I didn’t finish this book. I didn’t like it for the first fifty pages — the style is very different, it’s written sort of as a play without stage directions, all dialogue.  And, about half of it is quotes from historical sources about Lincoln.  It owes a debt to Thorton Wilder’s Our Town — although the concepts of death in the two are a bit different, there’s the same idea that the dead we bury may simply be waiting in the cemetery, talking with each other.

I started to get into this book around 100 pages in, the format wasn’t bothering me as much, I was starting to like the characters that are in the cemetery with Willie Lincoln. But I’m not going to finish this book any time soon. Because the same day that I got into reading it, I got the call that my Mom was dying.  And she did.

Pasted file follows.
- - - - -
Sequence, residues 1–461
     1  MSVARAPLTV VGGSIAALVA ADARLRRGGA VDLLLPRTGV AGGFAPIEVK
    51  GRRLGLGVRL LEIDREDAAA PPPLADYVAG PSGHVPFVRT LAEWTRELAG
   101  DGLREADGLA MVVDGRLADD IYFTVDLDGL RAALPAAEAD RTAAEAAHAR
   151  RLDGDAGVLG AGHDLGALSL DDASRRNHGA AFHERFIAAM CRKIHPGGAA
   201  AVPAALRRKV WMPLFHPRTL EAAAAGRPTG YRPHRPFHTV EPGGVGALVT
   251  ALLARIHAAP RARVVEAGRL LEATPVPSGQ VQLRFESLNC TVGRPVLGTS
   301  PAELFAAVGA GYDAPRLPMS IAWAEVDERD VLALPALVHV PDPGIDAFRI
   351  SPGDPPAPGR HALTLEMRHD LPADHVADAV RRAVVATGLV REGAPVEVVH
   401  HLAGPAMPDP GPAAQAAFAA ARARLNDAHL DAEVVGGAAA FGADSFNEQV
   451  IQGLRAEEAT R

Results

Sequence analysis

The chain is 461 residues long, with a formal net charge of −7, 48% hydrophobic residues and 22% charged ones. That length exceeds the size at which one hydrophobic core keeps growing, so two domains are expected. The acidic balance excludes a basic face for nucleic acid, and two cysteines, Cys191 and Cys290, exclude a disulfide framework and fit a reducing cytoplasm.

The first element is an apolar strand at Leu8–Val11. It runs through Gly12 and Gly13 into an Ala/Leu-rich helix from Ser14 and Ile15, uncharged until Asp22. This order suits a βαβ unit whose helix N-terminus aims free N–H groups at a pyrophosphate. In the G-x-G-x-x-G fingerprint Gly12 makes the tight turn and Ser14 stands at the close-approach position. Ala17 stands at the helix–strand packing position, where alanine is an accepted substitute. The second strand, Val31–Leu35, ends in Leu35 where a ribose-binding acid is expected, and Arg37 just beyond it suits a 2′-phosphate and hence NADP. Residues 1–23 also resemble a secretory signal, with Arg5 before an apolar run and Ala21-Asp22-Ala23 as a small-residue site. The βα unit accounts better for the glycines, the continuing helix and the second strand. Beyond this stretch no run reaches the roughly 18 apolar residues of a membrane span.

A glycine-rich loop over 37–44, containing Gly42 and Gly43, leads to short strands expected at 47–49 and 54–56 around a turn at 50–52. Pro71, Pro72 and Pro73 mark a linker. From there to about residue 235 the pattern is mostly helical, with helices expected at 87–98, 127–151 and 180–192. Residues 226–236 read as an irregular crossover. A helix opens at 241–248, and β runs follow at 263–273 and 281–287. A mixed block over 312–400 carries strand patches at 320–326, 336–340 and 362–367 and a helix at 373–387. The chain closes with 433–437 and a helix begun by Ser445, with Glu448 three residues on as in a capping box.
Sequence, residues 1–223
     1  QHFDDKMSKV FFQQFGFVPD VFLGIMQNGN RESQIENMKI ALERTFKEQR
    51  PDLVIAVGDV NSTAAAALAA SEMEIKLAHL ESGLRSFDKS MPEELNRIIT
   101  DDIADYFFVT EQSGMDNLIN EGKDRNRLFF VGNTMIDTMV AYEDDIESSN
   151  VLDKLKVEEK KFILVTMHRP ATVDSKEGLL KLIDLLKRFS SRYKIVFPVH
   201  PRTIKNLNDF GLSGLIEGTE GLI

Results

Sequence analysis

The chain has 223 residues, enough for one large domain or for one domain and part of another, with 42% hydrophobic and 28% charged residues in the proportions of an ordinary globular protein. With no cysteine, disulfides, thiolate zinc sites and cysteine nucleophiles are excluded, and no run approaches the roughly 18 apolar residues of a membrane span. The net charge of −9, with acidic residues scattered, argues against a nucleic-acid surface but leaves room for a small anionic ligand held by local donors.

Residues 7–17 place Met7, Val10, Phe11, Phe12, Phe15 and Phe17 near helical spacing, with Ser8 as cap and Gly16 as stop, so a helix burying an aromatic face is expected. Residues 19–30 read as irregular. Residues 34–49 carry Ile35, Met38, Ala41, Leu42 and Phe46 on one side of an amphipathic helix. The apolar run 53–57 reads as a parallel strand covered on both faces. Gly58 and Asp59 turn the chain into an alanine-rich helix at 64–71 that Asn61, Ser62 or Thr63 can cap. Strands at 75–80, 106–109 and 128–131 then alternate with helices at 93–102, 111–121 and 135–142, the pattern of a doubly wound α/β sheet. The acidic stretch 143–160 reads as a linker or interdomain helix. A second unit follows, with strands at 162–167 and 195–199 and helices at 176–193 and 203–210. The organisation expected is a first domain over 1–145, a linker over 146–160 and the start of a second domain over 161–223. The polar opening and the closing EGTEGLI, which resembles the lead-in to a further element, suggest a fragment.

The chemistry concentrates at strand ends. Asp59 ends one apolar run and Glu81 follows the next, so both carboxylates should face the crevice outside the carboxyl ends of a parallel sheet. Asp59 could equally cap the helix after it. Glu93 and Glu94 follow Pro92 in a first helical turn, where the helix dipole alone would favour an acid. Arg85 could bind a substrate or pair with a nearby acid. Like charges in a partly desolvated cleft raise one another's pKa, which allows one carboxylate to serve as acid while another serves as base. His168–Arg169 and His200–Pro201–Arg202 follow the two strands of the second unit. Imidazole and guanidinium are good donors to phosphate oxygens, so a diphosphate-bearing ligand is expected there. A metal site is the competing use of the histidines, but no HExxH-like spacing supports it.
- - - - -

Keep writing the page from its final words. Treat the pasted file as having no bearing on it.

So I will say, Lincoln’s grief in this book as written by George Saunders felt very accurate to me. His comfort with the body of Willie Lincoln resonated.  The hard thing is not being with the body of your loved one.  The hard thing is letting this last thing that you have go.  The hard thing is trusting your loved one’s body to strangers, and knowing that you won’t see her again.